§ Mr. Foot
I fully agree with my hon. Friend that the social contract covers a much wider aspect than questions of wage negotiations. It covers all the matters to which my hon. Friend referred and many others besides. We are this afternoon proceeding with a Bill which is directly designed to assist the social contract. I agree with my hon. Friend that the sooner the other measures are brought forward the better.
§ Mr. Morrison
Does not the Secretary of State agree that it would be useful for him to meet those involved in the bakery industry who are part of the social contract and who are, presumably, useful people? Does he also agree that unless 1330 he does this there will be further difficulties over bread?
§ Mr. Foot
As I told the House yesterday, the Conciliation and Arbitration Service that we have set up is in touch with the parties, and in that situation I do not think that it would be sensible for me to intervene directly. That also applies to some of the other questions raised. What I want to secure is the earliest possible settlement of the dispute, and the way in which the Conciliation and Arbitration Service is going about it offers the best hope for that.
§ Mr. Skinner
If, as reported, the hospital consultants get a £2,000-a-year increase—to be announced shortly— would it also be in accordance with the social contract for the bakers to get £40 a week?
§ Mr. Hugh Fraser
Will the Secretary of State say whether there has ever been a breach of the social contract in any settlement so far, and on what occasion anyone has been reproved for a breach of the social contract, which is becoming very wide, rather like the Holy Roman Empire, and like a sublime piece of mysticism and nonsense?
§ Mr. Foot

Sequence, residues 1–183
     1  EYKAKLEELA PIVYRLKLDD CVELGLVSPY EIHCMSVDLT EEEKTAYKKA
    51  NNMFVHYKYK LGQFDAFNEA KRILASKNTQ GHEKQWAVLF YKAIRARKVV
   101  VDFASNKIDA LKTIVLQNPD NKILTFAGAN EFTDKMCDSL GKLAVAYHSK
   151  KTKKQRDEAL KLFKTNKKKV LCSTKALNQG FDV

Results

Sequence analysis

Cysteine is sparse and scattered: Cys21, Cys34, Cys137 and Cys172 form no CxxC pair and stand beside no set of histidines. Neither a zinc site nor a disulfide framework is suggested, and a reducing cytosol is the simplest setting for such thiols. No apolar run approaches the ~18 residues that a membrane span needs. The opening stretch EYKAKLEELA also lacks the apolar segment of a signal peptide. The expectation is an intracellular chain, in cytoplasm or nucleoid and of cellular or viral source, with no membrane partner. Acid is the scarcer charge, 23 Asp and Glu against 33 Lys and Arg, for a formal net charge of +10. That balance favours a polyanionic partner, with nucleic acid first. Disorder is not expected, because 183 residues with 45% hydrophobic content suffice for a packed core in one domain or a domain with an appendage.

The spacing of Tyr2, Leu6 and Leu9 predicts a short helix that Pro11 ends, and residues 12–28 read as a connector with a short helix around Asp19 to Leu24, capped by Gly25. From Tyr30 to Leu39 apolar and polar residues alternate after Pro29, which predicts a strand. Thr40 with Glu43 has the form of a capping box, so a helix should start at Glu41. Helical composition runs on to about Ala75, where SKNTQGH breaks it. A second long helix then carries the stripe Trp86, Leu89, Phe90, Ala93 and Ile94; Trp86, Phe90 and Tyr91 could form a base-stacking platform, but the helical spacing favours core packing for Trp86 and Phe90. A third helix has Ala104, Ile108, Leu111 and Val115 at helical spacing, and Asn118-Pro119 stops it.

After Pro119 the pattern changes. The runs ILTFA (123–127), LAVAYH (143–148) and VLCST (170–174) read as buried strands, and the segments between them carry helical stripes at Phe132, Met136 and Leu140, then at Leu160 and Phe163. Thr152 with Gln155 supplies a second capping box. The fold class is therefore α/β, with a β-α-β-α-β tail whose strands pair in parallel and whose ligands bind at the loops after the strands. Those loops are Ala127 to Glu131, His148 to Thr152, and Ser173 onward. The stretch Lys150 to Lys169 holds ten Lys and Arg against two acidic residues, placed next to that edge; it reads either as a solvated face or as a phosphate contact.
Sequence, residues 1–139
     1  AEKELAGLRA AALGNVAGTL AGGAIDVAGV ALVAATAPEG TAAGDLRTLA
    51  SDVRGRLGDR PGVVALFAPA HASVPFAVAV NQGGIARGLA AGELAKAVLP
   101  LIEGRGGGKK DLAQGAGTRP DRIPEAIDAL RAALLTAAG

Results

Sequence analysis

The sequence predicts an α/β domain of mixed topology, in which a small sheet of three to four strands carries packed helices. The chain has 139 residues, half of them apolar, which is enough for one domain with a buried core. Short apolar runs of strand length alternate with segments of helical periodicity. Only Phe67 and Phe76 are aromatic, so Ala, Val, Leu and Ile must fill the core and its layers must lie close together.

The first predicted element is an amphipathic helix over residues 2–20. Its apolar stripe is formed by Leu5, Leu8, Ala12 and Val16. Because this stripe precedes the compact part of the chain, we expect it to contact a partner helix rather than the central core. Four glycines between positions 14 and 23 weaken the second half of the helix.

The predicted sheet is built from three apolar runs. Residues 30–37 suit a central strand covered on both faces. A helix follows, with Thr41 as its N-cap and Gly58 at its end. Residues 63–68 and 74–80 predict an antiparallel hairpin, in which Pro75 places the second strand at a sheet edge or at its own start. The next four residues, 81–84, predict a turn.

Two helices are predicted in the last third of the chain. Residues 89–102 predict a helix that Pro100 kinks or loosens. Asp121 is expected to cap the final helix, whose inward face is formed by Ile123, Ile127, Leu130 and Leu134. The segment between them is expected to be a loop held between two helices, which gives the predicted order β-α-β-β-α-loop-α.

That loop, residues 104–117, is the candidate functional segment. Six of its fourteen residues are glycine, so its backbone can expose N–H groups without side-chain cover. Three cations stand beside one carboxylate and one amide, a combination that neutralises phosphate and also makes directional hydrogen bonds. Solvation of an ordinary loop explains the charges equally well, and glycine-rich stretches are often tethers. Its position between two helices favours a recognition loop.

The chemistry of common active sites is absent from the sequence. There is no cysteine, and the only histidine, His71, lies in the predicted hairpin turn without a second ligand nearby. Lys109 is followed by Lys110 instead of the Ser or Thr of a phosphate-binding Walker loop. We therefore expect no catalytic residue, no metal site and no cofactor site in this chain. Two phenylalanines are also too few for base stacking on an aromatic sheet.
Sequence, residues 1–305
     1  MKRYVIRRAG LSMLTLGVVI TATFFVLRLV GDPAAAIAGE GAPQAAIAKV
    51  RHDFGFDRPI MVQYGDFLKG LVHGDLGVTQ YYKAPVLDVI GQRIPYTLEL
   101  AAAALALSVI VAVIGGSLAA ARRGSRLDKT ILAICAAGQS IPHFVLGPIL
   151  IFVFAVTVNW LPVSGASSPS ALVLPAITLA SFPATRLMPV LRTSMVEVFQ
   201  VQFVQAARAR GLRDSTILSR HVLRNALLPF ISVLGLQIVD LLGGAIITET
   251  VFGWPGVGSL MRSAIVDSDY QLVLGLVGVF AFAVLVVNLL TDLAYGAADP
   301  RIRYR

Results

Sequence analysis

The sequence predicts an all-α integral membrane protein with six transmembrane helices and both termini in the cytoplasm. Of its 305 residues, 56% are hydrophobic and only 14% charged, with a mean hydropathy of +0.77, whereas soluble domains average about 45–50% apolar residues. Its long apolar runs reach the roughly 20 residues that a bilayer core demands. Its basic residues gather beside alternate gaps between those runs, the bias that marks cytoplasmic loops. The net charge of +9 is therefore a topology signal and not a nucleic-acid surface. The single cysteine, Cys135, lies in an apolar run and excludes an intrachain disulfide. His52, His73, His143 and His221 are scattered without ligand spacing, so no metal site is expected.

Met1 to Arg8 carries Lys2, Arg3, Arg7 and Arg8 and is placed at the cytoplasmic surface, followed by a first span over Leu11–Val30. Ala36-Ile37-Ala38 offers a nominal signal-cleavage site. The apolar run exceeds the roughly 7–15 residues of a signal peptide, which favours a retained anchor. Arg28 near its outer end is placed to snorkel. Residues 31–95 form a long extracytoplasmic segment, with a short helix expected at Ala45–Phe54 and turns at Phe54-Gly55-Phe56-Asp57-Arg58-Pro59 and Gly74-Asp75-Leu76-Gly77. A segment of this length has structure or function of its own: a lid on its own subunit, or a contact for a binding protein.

I do not know whether it is profitable to pursue the matter by going into a discussion on the matter of resemblances with the Holy Roman Empire and the other suggestions that the right hon. Gentleman might make. I thought that he was rather in favour of the Holy Roman Empire, and that he thought that it was still in existence. Perhaps he intended the comparison to be highly flattering. There have been occasions when flagrant breaches of the social contract have occurred. I have drawn attention to them, and that is desirable in certain circumstances.
§ Mr. Prior
Will the Secretary of State remind his hon. Friend who asked the question that those parts of the social contract to which he alluded are not a social contract but a Socialist contract, 1331 and that that needs to be made abundantly plain? The part of the social contract which is now of vital interest to the nation as a whole is that part which relates to some restriction of wage increases, so that the country can beat inflation. It is on that side that we shall give the right hon. Gentleman every support, and on that side that he seems to be singularly ineffective.
§ Mr. Foot
I know that there is only a particular part of the social contract, as represented by hon. Members on the Opposition side, that they support. That is why they were so incapable of dealing with national problems. National problems are much wider than questions of wage negotiations, important though those wage negotiations are. I see that the right hon. Gentleman has been writing to The Times to try to discover the facts of the matter. He would do much better to put Questions in the House. He will then get the answers.